United States District Court, D. New Mexico
MEMORANDUM OPINION AND ORDER GRANTING IN PART AND
DENYING IN PART DEFENDANTS GETINGE USA'S AND MAQUET'S
MOTION TO DISMISS AND GRANTING IN PART AND DENYING IN PART
DEFENDANT ATRIUM'S MOTION TO DISMISS
MATTER comes before the Court upon Defendant Atrium Medical
Corporation's Motion to Dismiss, filed on February 1,
2019 (Doc. 29) and Defendants Getinge USA,
Inc.'s and Maquet Cardiovascular, LLC's Motion to
Dismiss, filed on February 1, 2019 (Doc.
30). Having reviewed the parties' pleadings and
the applicable law, the Court finds that Defendants Getinge
USA's and Maquet's motion is well-taken in part and,
therefore, is GRANTED IN PART AND
DENIED IN PART. The Court further finds that
Defendant Atrium's motion is well taken in part and,
therefore, is GRANTED IN PART AND DENIED IN
brings this case following an injury allegedly caused by
Defendant Atrium's polypropylene mesh used in a hernia
repair. Plaintiff alleges the following claims:
Count I: Negligence
Count II: Strict Liability: Design Defect
Count III: Strict Liability: Manufacturing Defect
Count IV: Strict Liability: Failure to Warn
Count V: Breach of Express Warranty
Count VI: Breach of Implied Warranty
is a resident of Alamogordo, New Mexico. She underwent hernia
surgery on or about October 25, 1994. Doc. 25, ¶ 6.
Defendant Atrium's mesh product was used to repair her
hernia. She had a second surgery in 1995.
February 17, 2015, Plaintiff became ill with lower stomach
pain, and she had trouble breathing. Her daughter took her to
the emergency room. Her hands and fingers had turned blue,
and Dr. William Pollard found that the mesh covering her
hernia had embedded itself into a section of her bowels,
causing an obstruction and twisting her intestines. She had
emergency surgery on February 18, 2015, as Dr. Pollard feared
the obstruction could burst and kill her. Dr. Pollard had to
remove a section of her bowels that died, because it was not
receiving blood and oxygen.
recovery took six weeks, during which she had to hire a nurse
and was out of work. After eight months, once she healed, she
needed another surgery to repair the hernia on November 4,
2015. Dr. Pollard repaired the hernia with a metal mesh, and
she had to miss work for another four weeks.
Atrium Medical Corporation is a Delaware Corporation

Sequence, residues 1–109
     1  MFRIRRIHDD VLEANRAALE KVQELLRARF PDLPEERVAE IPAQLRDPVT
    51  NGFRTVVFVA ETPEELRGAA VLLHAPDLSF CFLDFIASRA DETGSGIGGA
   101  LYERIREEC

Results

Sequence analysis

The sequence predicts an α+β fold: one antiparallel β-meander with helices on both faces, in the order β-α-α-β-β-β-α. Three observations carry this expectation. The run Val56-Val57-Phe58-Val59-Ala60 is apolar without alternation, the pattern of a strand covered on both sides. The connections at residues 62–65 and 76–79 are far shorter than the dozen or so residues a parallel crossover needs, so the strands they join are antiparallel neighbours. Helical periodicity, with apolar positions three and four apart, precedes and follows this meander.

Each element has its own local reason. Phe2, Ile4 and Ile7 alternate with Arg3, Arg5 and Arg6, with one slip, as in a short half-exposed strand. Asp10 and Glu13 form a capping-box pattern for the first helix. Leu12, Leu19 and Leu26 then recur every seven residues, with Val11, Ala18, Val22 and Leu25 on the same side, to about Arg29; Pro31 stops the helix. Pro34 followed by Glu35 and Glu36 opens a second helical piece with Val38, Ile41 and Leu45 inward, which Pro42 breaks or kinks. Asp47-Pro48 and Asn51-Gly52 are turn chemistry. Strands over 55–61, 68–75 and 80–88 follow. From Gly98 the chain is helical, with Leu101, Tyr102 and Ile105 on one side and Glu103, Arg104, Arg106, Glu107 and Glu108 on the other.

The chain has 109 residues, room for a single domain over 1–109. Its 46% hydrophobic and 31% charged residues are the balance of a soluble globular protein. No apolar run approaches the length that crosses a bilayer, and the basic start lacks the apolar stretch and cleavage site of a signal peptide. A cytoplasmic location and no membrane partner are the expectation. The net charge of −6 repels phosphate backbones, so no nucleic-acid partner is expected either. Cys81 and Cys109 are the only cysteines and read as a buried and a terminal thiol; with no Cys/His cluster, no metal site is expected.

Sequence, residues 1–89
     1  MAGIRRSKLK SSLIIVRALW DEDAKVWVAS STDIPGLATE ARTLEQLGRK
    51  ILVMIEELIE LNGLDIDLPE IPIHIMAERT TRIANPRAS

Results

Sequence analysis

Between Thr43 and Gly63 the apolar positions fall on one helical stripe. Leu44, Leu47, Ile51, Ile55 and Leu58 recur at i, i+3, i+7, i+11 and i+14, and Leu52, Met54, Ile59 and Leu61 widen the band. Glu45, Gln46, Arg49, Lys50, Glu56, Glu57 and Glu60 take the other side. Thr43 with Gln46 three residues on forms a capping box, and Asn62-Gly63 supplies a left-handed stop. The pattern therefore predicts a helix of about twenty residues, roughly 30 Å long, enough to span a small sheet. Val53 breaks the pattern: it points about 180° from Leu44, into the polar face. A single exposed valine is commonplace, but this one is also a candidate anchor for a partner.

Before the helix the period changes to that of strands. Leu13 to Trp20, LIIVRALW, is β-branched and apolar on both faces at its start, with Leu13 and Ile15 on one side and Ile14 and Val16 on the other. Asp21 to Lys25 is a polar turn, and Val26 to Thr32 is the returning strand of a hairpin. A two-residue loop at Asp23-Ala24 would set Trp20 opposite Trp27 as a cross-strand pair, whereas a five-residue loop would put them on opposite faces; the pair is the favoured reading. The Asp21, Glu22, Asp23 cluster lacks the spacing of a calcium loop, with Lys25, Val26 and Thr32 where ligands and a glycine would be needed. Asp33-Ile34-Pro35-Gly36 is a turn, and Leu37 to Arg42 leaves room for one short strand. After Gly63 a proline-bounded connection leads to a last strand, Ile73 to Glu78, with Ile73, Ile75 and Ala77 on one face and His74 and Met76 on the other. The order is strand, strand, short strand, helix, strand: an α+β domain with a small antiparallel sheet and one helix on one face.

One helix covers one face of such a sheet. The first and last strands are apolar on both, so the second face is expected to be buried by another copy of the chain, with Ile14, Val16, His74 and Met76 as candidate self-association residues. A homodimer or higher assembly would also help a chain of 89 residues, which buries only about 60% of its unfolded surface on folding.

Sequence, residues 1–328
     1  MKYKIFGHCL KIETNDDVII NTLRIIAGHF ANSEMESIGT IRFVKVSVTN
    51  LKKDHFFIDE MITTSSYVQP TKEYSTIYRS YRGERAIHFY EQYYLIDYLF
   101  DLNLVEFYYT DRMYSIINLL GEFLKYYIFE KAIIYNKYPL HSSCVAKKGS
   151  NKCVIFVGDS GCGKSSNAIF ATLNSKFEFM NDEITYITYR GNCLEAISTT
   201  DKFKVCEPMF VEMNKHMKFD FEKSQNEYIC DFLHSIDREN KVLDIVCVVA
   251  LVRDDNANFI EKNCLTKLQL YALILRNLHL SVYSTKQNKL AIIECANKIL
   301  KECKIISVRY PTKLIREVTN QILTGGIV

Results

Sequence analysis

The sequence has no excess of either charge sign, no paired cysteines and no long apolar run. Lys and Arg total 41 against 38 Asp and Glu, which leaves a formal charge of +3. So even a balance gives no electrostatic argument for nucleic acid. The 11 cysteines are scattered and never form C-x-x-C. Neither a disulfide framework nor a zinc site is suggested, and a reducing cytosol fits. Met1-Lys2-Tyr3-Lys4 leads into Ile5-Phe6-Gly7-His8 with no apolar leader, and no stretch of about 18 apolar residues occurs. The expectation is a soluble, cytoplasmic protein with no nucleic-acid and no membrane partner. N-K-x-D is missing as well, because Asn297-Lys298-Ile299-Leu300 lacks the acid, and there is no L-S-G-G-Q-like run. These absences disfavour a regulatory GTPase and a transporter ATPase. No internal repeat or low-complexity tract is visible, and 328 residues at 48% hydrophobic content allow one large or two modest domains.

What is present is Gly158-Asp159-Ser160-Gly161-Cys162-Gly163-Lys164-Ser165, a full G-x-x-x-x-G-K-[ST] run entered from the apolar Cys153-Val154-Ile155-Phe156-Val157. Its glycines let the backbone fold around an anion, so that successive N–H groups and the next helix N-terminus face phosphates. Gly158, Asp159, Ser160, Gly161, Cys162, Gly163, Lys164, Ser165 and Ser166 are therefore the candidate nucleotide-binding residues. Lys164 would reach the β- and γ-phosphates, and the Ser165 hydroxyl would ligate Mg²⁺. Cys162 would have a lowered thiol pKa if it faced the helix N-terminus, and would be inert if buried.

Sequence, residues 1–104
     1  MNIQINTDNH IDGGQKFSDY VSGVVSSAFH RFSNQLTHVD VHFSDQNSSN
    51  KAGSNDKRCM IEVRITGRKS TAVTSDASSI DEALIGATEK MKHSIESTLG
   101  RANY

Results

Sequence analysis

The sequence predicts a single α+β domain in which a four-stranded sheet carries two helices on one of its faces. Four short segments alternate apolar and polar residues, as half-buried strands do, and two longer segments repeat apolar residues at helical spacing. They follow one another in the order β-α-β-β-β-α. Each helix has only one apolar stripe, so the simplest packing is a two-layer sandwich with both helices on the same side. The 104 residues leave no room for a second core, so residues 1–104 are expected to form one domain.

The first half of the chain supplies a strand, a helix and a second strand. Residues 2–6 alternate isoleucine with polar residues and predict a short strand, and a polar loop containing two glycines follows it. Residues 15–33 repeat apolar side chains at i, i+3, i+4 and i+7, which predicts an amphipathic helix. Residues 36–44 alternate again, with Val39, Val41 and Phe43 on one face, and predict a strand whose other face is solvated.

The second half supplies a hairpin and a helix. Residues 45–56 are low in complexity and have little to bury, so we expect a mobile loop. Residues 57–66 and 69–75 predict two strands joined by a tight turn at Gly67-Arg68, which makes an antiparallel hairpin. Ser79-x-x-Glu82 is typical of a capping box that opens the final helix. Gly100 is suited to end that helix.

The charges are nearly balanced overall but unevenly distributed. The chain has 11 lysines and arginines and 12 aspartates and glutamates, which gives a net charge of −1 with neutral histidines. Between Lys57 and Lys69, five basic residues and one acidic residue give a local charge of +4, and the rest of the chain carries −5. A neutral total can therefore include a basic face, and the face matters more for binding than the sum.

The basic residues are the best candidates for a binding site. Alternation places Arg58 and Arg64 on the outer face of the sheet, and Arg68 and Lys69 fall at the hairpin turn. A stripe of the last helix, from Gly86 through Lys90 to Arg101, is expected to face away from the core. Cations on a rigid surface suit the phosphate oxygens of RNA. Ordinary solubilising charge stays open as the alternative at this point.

headquartered in New Hampshire. Plaintiff alleges that
Defendant Getinge Group is a Swedish corporation. Defendant
Getinge USA is a Delaware Corporation headquartered in New
York. Defendant Maquet Cardiovascular LLC is a German
alleges that Getinge USA and Maquet acquired Atrium through a
merger and acquired Atrium's assets and assumed
Atrium's liabilities. She alleges Defendant Atrium
operates as a “business unit” of Getinge
subsidiary Maquet. Plaintiff also alleges that Atrium is an
alter ego and agent of Getinge USA and Maquet.
response, Defendants Getinge USA and Maquet submitted
affidavits asserting that Defendant Atrium is a separate,
active entity, and Getinge USA and Maquet are
“sibling” corporations who have a common parent
corporation with Atrium. They assert facts, which, if true,
would tend to show that Defendants Getinge USA and Maquet do
not control Atrium's day-to-day activities.
Personal Jurisdiction over Getinge USA and Maquet
Getinge USA and Maquet argue this Court lacks personal
jurisdiction over them. Federal courts sitting in diversity
have personal jurisdiction over nonresident defendants to the
extent permitted by the law of the forum. Benally v. Amon
Carter Museum of Western Art, 858 F.2d 618, 621 (10th
Cir. 1988) (citations omitted). The New Mexico long-arm
statute extends personal jurisdiction to the extent permitted
by due process. Tercero v. Roman Catholic Diocese of
Norwich, Connecticut, 48 P.3d 50, 54 (N.M. 2002).
Therefore, in this diversity case, the Court will generally
limit its analysis to binding Tenth Circuit and United States
Supreme Court precedent analyzing personal jurisdiction under
the due-process clause. Federated Rural Electric Ins.
Corp. v. Kootenai Electric Coop., 17 F.3d 1302, 1305
(10th Cir. 1994); Melea, Ltd. v. Jawer SA, 511 F.3d
1060, 1065 (10th Cir. 2007).
Fed. R. Civ. P. 12(b)(2) standard
bears the burden of establishing personal jurisdiction over
Getinge USA and Maquet. See Kuenzle v. HTM Sport-Und
Freizeitgeräte AG, 102 F.3d 453, 456 (10th Cir.
1996). Plaintiff need only make a prima facie
showing of jurisdiction to defeat a motion to dismiss.
See Shrader v. Biddinger, 633 F.3d 1235,
1239 (10th Cir. 2011). “The allegations in the
complaint must be taken as true to the extent they are
uncontroverted by the defendant's affidavits.”
Wenz v. Memery Crystal, 55 F.3d 1503, 1505 (10th
Cir. 1995). If the facts in the complaint are controverted,
Plaintiff may make the required showing by coming forward
with facts, via affidavit or other written materials, that
would support jurisdiction. See OMI Holdings v. Royal
Ins. Co., 149 F.3d 1086, 1091 (10th Cir. 1998). All
factual disputes must be resolved in Plaintiff's favor.
Wenz v. Memery Crystal, 55 F.3d 1503, 1505 (10th
Cir. 1995). The Court need only accept as true well-pled
facts, i.e. facts that are non-conclusory and
Personal Jurisdiction and Due Process.
comport with due process, Plaintiff must establish that
Defendants Getinge USA and Maquet have “such minimum
contacts with the forum state that he should reasonably
anticipate being haled into court there.”
Emp'rs Mut. Cas. Co. v. Bartile Roofs, Inc., 618
F.3d 1153, 1159- 60 (10th Cir. 2010) (quotations omitted). If
Plaintiff does so, she must also establish that exercise of
personal jurisdiction over Defendants does not offend